The ARM is one of the most popular processors today. Think the iPhone, Raspberry Pi. I decided I should learn more about it since I knew almost nothing about the ARM architecture.
From Wikipedia, “In 2005, about 98% of all mobile phones sold used at least one ARM processor. In 2010, producers of chips based on ARM architectures reported shipments of 6.1 billion ARM-based processors, representing 95% of smartphones, 35% of digital televisions and set-top boxes and 10% of mobile computers. In 2011, the 32-bit ARM architecture was the most widely used architecture in mobile devices and the most popular 32-bit one in embedded systems. In 2013, 10 billion were produced and ‘ARM-based chips are found in nearly 60 percent of the world’s mobile devices.’”
The short version is the following. The ARM 32-bit processor has 16 general purpose 32-bit registers, though R14 and R15 are the stack pointer and program counter, with an orthogonal set of instructions. There’s the so-called “Thumb” set of instructions. If you use this subset, the instructions can be “compressed” into 16-bit instructions.
Orthogonal means you don’t need dedicated instructions for particular registers, e.g., “LDA” to load a value into the accumulator, or “STX” to store a value from an X index register into a memory location. These instructions look like “MOV R2, R3” to move a value from R3 into R2.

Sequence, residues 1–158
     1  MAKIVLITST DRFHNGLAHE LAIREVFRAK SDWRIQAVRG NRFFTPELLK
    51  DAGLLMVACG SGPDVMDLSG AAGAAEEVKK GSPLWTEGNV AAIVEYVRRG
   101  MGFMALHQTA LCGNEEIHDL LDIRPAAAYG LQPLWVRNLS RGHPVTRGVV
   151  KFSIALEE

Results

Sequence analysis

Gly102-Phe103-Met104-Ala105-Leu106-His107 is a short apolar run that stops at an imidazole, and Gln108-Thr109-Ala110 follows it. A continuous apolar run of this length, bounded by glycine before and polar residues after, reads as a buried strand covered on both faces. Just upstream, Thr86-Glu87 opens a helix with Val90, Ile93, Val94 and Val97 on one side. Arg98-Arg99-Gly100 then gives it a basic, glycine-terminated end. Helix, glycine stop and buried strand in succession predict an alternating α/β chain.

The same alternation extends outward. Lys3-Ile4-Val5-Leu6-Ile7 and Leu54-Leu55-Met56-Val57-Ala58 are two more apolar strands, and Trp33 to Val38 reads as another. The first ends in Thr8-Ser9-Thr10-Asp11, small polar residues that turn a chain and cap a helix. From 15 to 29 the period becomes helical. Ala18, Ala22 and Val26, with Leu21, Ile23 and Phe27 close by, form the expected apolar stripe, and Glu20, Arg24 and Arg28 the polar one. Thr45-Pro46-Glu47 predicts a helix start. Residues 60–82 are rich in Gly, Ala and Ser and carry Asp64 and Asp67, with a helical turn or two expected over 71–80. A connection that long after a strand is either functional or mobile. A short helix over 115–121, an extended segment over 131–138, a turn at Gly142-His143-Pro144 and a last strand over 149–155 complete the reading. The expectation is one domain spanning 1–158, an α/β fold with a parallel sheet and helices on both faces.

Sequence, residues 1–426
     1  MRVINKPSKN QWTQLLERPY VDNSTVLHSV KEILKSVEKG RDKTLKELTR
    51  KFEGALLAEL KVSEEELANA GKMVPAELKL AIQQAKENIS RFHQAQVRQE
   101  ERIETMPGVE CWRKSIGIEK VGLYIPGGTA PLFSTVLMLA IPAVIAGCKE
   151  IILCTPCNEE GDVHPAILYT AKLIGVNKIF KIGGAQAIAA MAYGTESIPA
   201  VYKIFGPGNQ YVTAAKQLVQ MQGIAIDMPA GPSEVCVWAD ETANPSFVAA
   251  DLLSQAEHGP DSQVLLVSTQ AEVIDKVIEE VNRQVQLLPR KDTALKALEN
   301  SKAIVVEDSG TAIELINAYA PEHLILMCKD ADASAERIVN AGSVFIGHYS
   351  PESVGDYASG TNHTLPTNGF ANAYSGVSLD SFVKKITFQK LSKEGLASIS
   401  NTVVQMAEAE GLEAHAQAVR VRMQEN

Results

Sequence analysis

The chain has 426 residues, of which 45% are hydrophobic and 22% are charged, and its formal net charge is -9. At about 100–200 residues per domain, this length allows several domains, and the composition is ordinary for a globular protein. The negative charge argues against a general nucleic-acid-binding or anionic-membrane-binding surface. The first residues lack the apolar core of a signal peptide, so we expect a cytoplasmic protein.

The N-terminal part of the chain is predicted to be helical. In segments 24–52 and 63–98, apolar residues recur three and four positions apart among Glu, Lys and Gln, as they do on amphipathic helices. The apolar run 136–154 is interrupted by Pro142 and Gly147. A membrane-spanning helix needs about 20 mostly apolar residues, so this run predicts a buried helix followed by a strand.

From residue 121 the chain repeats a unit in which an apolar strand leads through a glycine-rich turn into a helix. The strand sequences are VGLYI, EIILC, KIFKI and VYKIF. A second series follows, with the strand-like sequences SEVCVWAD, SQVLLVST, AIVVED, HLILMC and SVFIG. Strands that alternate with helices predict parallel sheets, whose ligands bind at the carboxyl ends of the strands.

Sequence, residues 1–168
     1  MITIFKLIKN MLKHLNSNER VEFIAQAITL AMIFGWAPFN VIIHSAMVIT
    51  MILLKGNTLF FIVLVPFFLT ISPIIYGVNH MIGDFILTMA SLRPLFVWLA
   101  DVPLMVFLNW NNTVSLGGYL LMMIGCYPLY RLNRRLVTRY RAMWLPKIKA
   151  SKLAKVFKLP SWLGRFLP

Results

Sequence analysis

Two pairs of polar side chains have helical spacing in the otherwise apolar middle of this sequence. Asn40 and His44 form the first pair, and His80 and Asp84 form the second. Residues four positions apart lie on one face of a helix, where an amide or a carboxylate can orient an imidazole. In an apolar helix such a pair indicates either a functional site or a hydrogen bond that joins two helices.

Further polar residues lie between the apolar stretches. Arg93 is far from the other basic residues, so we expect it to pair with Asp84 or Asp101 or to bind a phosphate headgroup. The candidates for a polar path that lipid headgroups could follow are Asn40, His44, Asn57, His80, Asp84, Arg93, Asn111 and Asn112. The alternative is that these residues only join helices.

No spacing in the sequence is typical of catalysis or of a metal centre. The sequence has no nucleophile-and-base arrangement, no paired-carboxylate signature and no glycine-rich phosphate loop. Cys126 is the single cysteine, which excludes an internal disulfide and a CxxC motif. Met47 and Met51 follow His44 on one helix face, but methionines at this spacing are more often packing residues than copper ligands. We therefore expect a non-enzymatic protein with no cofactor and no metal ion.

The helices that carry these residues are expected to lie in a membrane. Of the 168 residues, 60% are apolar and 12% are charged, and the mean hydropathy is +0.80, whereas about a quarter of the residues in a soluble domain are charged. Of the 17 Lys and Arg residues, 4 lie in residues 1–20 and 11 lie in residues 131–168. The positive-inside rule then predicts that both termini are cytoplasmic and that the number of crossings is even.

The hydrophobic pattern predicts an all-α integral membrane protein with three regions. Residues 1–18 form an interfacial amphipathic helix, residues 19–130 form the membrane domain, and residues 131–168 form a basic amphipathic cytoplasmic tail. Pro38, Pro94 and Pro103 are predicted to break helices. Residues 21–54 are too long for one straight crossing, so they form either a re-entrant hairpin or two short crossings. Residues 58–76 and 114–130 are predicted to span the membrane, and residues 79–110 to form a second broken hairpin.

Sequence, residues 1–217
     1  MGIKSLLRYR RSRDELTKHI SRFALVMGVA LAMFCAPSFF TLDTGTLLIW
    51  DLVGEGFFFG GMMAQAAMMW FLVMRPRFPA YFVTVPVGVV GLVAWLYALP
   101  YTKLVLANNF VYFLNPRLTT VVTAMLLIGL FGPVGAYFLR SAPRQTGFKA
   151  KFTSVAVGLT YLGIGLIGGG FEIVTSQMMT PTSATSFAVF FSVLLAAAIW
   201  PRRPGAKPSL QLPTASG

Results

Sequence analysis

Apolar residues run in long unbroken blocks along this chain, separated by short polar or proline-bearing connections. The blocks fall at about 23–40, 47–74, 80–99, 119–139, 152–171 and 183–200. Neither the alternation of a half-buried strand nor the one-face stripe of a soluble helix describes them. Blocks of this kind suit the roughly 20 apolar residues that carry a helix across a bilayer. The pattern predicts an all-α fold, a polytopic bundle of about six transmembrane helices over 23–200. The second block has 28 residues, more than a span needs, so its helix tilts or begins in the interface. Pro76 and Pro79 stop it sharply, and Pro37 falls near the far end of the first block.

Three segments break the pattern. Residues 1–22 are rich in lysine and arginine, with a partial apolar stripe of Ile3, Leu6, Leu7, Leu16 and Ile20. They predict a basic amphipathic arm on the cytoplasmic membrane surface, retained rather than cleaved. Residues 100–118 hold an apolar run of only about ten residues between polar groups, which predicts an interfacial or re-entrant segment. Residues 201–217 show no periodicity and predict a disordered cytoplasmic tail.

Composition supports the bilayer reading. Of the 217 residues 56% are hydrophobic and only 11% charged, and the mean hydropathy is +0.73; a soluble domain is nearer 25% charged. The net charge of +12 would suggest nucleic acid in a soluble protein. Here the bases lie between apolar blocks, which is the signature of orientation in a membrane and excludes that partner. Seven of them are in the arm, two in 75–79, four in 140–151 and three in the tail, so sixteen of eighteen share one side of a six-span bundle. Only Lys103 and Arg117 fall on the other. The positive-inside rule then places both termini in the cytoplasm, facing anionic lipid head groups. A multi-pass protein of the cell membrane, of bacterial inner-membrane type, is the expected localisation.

At some point it occurred to me that it should be pretty straightforward to write and run assembler on a Raspberry Pi running Raspbian Linux. Voilà!
There’s an excellent series called “ARM Assembler in Raspberry Pi.” The posts are broken out into small chapters. This set of examples uses the gcc compiler to assemble .s files. It pulls in the C overhead to make an executable file.
Here’s my first program
.global main main: mov r0, #2 /* Put 2 in register r0. */ bx lr /* Return from main. */
To assemble and build it:
as -o first.o first.s gcc -o first first.o pi> ls -l total 20 -rwxr-xr-x 1 pi pi 5564 Jan 14 21:38 first -rw-r--r-- 1 pi pi 640 Jan 14 21:37 first.o -rw-r--r-- 1 pi pi 193 Jan 14 21:37 first.s
Run. The answer is the return code from the program.
pi> ./first pi> ./first ; echo $? 2
I found another excellent tutorial by Derek Banas on YouTube which showed how to use the Linux “ld(1)” command to load (link) the assembled .o file which has much lower overhead than using the gcc compiler. Of course, how could I have forgotten ld.